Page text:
Interview with Lisa Millar, ABC News Breakfast

MICHAEL ROWLAND: Victoria’s construction industry has been told to down tools for the next two weeks in the wake of yesterday's violent protests in Melbourne's central business district. Crisis talks were held between the CFMEU and the state government last night, after the union's headquarters were badly damaged during hours of chaos.

LISA MILLAR: The protesters were demonstrating against a vaccine mandate for the sector. The building industry says its COVID rules were too heavy handed, but the Industrial Relations Minister says action needed to be taken following what he called widespread non-compliance. For his take, let’s bring in the acting Prime Minister, Barnaby Joyce. Good morning, welcome to News Breakfast.

BARNABY JOYCE: Good morning, Lisa.

LISA MILLAR: Do you think shutting down the industry for two weeks was the right action taken by the Victorian Government?

BARNABY JOYCE: I'm going to have to leave that to the Victorian Government because it's not a decision that the Federal Government made. This falls in the remit of the state governments. It's their orders, their health order. In regards what is happening within the CFMEU, I don't have the answer to that question. I think that's something for Terri Butler or Penny Wong, who have a close association with that group. We just don't want violence. No one wants it. I think it scares people and achieves very little, but raising people's antagonisms when they watch it on television because they think it's unruly and threatening.

LISA MILLAR: One of the issues that relates directly to the Federal Government is this idea that extremists, or right-wing groups are infiltrating the protests we're seeing around Australia, the anti-vax protest. What do you know as the acting Prime Minister about the extent of extremists being involved?

BARNABY JOYCE: Well, Lisa, really no more than what you read in the paper. I don't really curry favour with that idea. I don't think those guys we saw on television are going to be influenced by anti-vaxxers. I think they have got their own ideas in their own mind. What we've got to say to any person, violence and those sort of actions in a public space just scare people and you lose support. And I ask people such as Terri Butler and Penny Wong, they've a strong affiliation with the CFMEU, they have to come out and be leaders and condemn those actions and make sure that we don't get a repeat of this. It's not a matter of if they're infiltrated by anti-vaxxers or not. I don’t care if you’re an anti-vaxxer or you aren’t. But I do care about actions on a public street that scare people and that's what the concern is here.

LISA MILLAR: Can I turn to Christian Porter. You suggested yesterday he could return to the Ministry. Does that mean you think it's acceptable for an MP, a backbencher, to have taken anonymous donations?

BARNABY JOYCE: In all careers, even if a person goes to jail, there's a time when they come out and we believe they get a second chance. We don't condemn them forever. We don't just kick someone to the curb and never pick them up again. It's not the Australian lexicon, it's not what we do. We say to people, you have to have your time in Coventry and Christian will, but we hope that after that you get an opportunity again, like you would want me to say to you or to any other person out there. You don't take a driver's licence off somebody forever, you give them a period without it and then you give it back to them. I just think it's really odd that we say we're going to throw this person to the waste paper basket forever. He’s obviously incredibly intelligent, he's been an incredibly capable minister at a state and federal level. Yes, he’s had a very bad day at the wicket, as I keep repeating, but that shouldn’t mean he’s gone forever.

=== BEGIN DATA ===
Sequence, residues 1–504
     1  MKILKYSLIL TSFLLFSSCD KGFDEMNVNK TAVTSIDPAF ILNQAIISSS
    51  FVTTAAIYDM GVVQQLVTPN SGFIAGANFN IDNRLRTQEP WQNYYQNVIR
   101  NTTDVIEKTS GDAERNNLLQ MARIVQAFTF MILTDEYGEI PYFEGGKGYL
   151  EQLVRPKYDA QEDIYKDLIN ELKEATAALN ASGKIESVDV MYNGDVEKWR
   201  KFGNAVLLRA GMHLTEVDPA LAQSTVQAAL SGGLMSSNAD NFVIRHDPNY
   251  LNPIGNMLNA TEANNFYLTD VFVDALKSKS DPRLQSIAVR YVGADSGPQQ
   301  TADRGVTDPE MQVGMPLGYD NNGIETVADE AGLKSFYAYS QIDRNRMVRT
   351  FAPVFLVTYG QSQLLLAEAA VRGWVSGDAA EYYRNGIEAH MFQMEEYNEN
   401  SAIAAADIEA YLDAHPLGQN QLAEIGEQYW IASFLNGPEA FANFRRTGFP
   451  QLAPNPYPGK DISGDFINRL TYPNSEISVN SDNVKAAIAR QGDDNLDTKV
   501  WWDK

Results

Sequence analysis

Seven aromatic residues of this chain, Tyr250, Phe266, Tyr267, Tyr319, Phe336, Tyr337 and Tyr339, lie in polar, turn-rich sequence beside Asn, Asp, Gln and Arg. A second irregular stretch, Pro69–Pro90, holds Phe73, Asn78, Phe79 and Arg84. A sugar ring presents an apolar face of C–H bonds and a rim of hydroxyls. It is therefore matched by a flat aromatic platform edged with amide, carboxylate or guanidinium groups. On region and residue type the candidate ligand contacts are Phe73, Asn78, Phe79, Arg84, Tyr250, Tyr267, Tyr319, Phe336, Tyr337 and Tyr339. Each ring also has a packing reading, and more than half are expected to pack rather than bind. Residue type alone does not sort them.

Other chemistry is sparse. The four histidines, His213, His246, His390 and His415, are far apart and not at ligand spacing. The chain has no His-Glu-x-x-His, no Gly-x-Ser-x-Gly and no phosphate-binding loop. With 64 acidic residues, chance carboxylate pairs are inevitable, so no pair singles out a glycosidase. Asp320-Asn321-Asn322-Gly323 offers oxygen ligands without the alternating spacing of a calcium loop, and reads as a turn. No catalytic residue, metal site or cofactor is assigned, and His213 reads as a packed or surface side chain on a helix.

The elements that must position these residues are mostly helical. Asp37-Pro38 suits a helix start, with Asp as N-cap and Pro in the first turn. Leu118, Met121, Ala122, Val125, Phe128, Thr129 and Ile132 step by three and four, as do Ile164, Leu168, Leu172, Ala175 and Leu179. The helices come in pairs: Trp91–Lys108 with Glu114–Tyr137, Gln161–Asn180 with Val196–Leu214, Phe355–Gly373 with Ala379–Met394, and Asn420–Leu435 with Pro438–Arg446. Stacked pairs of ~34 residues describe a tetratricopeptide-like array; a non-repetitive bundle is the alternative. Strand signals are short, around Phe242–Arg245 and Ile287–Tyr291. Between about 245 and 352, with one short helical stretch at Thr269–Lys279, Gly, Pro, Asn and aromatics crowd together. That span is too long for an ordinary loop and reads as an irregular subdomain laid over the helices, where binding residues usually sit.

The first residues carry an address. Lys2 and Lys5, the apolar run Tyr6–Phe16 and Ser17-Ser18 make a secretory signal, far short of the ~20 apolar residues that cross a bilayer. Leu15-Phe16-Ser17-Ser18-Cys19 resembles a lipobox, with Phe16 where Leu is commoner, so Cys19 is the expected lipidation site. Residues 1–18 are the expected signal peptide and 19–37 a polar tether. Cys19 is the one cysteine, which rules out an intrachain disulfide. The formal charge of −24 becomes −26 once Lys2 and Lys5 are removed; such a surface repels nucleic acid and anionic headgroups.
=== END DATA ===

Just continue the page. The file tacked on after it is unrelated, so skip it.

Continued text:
LISA MILLAR: But isn’t the issue that he still has the money? The details about it are still unknown, so while he may be in Coventry, until those issues are resolved, aren't there still legitimate questions that people deserve to have answered?

BARNABY JOYCE: It's a legitimate parliamentary process if they wish to go through it and that's the privileges committee. I hear the Labor Party is going to utilise that and that's completely and utterly their right and that’s what it’s there for. It shouldn't be by kangaroo court. We’ve got to work off if someone’s obeyed the law or if they haven’t…

LISA MILLAR: It's not a kangaroo court, the questions that obviously haven’t been answered. He has taken up to one million dollars possibly and the Australian public doesn't know who gave it to him.

BARNABY JOYCE: If he has broken the law, then he's broken the law and it won't be us investigating, it’ll be the police and that’s not happened. So let’s just dispense any idea that he’s broken the law. He hasn’t. He has not broken the law.

LISA MILLAR: There's issues for MPs in Parliament...

BARNABY JOYCE: I understand, Lisa. I agree with you. But there's a process in Parliament, the parliamentary privileges committee, which has the capacity to look at all these things. If they have further questions to ask, I imagine they will ask it.

LISA MILLAR: Your Liberal colleague Dave Sharma is today going to make a call for an emissions reduction target of 40 to 45 per cent by 2035 because he says Australia needs a firm target, it needs a plan to get to net zero. He says it's achievable. Is that achievable?

BARNABY JOYCE: I let Dave Sharma explain how he would achieve that target. I have great respect for Dave, he's an incredibly competent person. We always look at these things through the eyes of job losses in these areas. He is looking it through the eyes of Wentworth and I get that. Wentworth is his constituency and he must speak to the constituency of Wentworth. I must speak to the constituency of Muswellbrook and the constituency of… [CONNECTION LOST]